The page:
Movie Review: NOSFERATU (1922)

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Nosferatu Review

Review: Nosferatu / Cert: PG / Director: F.W. Murnau / Screenplay: Henrik Galeen / Starring: Max Shreck, Gustav von Wangenheim, Greta Schröder, Alexander Granach, Ruth Landshoff, Wolfgang Heinz / Release Date: October 25th

Nosferatu is the earliest known adaptation of Bram Stoker's Dracula. It was also unauthorized, incurring a lawsuit from Stoker's widow as a result. Due to this, several prints of the film were destroyed, but this re-released version has been painstakingly put together using surviving reels from different countries.

The film starts with young, loved-up estate agent Thomas Hutter (von Wangenheim) living in the fictitious German town of Wisborg with his wife Ellen (Schröder). His insane boss Knock (Granach) sends him to Transylvania’s Carpathian mountains to sell a local house to the mysterious Count Orlok (Shreck).

The townspeople fear Orlok and Hutter soon finds out why – the looming, bat-eared, long-fingernailed Count has a penchant for sleeping in a coffin during the day and biting people's necks at night. After reading a book on vampires, Hutter strongly suspects that Orlok is one, and he passes out as the menacing nosferatu approaches. Luckily, he awakens in time to see Orlok climbing into one of several coffins on a coach and leaving the castle for Wisborg. Hutter must then hurry back home to save his wife from Orlok, who leaves behind a trail of death on his journey which is blamed on the plague.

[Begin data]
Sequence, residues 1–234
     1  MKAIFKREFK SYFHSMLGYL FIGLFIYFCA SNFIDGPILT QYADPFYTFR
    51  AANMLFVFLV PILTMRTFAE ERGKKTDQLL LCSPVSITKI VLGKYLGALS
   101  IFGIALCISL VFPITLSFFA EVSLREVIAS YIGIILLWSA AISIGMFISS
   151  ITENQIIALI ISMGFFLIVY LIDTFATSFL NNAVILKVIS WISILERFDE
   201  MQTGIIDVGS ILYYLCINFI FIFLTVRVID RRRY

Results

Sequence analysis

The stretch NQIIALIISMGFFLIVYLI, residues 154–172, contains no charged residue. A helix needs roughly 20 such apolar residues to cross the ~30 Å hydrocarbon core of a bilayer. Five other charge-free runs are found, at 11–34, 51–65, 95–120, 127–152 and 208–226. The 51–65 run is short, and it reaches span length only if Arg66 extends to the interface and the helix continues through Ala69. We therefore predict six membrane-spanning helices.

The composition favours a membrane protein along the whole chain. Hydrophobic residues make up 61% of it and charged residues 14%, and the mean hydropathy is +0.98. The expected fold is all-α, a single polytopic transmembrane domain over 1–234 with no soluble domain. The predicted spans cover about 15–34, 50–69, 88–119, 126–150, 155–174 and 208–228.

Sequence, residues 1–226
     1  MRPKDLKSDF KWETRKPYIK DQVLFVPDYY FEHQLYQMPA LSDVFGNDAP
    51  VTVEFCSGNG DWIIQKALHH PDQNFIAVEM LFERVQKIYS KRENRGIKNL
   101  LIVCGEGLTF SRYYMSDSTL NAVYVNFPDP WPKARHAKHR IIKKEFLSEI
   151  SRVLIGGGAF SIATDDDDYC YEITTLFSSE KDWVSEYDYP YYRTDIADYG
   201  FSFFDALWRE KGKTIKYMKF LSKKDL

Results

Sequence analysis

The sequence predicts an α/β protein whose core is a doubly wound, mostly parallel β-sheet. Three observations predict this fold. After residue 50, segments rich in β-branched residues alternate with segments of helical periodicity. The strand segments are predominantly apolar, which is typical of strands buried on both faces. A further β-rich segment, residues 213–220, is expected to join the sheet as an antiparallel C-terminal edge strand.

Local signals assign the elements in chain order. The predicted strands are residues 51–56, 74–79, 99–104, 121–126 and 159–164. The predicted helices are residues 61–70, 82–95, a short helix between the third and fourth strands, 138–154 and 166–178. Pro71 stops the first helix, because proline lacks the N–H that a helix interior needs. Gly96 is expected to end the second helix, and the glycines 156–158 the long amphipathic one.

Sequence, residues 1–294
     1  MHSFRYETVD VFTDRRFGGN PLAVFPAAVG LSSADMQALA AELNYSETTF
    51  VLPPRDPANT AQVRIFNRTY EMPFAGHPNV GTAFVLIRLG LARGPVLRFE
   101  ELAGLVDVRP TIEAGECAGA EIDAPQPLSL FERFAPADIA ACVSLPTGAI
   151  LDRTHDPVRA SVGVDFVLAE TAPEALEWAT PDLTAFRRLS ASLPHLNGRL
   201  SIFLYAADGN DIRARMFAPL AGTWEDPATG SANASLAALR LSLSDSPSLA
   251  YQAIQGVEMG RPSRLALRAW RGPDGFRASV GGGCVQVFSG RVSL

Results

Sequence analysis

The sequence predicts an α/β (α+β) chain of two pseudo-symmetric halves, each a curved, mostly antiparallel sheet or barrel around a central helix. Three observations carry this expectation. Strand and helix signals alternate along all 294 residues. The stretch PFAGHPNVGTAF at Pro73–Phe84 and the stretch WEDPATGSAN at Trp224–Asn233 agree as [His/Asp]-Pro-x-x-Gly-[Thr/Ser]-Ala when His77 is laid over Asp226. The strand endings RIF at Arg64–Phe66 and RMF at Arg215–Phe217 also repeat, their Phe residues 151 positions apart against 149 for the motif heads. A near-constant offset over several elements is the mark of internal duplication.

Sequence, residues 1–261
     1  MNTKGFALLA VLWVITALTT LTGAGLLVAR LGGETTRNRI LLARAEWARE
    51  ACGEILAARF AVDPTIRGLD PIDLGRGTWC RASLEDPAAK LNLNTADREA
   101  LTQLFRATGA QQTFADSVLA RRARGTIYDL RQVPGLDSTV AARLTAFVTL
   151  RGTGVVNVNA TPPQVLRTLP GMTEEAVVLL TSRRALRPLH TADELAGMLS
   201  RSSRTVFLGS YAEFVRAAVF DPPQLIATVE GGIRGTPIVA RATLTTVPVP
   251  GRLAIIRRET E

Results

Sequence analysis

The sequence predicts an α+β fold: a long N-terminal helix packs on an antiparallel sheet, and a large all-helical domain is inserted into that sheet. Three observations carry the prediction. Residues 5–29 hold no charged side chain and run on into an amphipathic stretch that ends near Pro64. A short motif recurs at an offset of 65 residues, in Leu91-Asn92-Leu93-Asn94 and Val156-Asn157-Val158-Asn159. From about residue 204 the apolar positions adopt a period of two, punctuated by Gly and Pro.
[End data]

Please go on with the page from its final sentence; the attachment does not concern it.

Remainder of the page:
Released in 1922 (the same year Christopher Lee was born, ironically), the film was a product of the German expressionist movement of the time. A silent film, it features an almost forgotten style of acting that will be refreshingly new to a younger generation of horror fans and endearing to lovers of classic cinema. Despite only being on-screen for a tenth of the film, Shreck puts in a performance so creepy and compelling that it sparked rumours he was an actual vampire; this myth being explored in the 2000 film Shadow of a Vampire. In a beautiful coincidence, his surname means 'terror' in German. The perfectly timed score complements the haunting tone of the film, with Shreck's prowling, unblinking monster stalking up the stairs the moment Murnau tints the film blue to signify nightfall.

Nosferatu is one of the finest movies in history, and not just in the horror genre. In a world containing The Lost Boys (great) and Twilight (utter *bleep*), this is a welcome return for the great-grandfather of vampire films.

Expected Rating: 10 out of 10

Actual Rating:


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